Companies offer lucrative pay packets, exciting projects and flexible working practices to attract "the best and the brightest". However, after the thrill of this chase, what is your retention strategy? Will talent simply move on to the next company that woos them with bigger and better pay packets, benefits, responsibilities?
According to Gallup.com, just 30% of the workforce feel engaged in their jobs. Gallup estimates that this costs $500 billion in the US alone.
Should this have employers quaking in their boots? Yes – if you’re not doing anything about it. However, there is huge opportunity to drastically improve retention rates if you commit to effective employee engagement strategies. Why make sure employees feel as valued as customers?
What if they go? Employee turnover has a cost
If talent leaves the company, they may go to the competition, and can also take clients. You have to cover the period when you’re between employees, advertise the role, screen applicants, interview, train and on-board. Research published in the Academy of Management Executive journal estimates direct replacement costs can be as high as 50%-60% of an employee’s annual salary, with total costs associated with turnover ranging from 90% to 200% of annual salary. This cost Australia $83billion AUD in 2012 alone.
It makes a lot of business sense to work at keeping good people after you work at finding them.
What if they stay? Disengaged employees cost even more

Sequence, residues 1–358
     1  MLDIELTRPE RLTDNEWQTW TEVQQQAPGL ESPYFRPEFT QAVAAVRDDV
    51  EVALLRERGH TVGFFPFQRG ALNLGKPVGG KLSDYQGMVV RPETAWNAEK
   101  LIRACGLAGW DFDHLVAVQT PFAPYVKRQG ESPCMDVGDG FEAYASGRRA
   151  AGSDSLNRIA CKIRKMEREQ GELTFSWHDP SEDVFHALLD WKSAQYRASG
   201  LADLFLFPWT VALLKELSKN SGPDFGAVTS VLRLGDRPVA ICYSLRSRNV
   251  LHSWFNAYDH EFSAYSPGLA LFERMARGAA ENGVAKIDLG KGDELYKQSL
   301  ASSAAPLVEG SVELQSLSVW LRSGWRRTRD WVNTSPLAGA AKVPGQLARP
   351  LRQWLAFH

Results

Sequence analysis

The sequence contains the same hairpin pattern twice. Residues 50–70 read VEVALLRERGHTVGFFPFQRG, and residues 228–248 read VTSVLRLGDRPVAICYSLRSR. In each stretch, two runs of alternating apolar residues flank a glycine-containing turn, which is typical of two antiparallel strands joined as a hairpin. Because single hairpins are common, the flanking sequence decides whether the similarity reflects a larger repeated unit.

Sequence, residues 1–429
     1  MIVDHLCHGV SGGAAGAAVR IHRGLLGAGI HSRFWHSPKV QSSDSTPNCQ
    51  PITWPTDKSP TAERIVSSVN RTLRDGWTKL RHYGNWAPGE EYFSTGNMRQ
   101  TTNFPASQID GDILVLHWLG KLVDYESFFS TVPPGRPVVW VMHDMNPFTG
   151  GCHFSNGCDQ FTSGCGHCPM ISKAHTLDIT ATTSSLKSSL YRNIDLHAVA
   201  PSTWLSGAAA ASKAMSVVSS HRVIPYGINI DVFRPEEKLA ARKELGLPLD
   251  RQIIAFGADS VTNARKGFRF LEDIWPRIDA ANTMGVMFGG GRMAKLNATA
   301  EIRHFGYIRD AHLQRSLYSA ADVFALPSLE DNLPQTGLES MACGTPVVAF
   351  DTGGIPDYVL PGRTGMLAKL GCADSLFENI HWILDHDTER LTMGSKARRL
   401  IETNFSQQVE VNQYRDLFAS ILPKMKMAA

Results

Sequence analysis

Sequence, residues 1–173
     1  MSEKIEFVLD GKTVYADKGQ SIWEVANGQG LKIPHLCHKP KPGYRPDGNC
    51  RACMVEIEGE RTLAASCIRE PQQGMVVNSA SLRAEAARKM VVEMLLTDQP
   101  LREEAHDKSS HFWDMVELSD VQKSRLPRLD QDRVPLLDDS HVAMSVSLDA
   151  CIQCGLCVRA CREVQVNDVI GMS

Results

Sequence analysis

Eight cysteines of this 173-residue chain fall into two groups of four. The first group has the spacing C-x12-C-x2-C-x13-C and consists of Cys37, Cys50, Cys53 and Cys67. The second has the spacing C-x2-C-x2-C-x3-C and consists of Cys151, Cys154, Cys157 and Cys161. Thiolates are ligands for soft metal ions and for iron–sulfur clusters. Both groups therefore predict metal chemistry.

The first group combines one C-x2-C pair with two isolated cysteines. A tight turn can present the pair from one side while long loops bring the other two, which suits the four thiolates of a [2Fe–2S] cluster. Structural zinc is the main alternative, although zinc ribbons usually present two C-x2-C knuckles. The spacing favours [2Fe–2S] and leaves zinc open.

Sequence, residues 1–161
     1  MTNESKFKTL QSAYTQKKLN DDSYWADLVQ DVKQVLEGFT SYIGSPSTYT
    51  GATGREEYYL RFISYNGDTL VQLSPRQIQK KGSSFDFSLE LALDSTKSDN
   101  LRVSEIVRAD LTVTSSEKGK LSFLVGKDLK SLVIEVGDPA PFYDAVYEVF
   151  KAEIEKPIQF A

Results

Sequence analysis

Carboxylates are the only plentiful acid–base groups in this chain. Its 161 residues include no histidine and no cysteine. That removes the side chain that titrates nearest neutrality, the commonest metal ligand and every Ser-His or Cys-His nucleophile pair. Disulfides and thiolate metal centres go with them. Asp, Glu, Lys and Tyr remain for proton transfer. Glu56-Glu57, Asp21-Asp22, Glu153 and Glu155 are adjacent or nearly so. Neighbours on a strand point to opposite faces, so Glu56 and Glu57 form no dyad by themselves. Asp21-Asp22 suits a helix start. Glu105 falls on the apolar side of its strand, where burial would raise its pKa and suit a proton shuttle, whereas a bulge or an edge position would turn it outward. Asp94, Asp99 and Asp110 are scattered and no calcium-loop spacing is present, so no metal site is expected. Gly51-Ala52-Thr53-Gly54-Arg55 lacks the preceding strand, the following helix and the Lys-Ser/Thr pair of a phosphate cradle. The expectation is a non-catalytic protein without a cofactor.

There is an anecdote: "CFO asks CEO: "What happens if we invest in developing our people and then they leave us?" CEO: 'What happens if we don't, and they stay?
Presenteeism, when staff are in the building but aren’t productive, is just as big a problem as turnover. Employees are doing a job with little effectiveness because they’re not trained appropriately or don't have the resources they need. They don’t enjoy it and are doing the minimum – or worse, they’re actively seeking out new employment on the job, and you are in fact paying them to do so.
Research by Global Corporate Challenge finds that presenteeism costs ten times more than absenteeism. Employees confessed to being unproductive on the job for 57.5 days – almost three working months.
Your retention strategy shouldn’t just try to hold on to good people, but ensure they’re bringing their talents to the role.
The secret to an engaged workforce: feeling valued
According to the Psychology Healthy Workplace Programme, employees who report feeling valued by their employer are 60% more likely to report they are motivated to do their very best for their employer.
The answer: treat coworkers at least as well as you treat customers. Adapt your client retention strategy to coworkers and collaborators.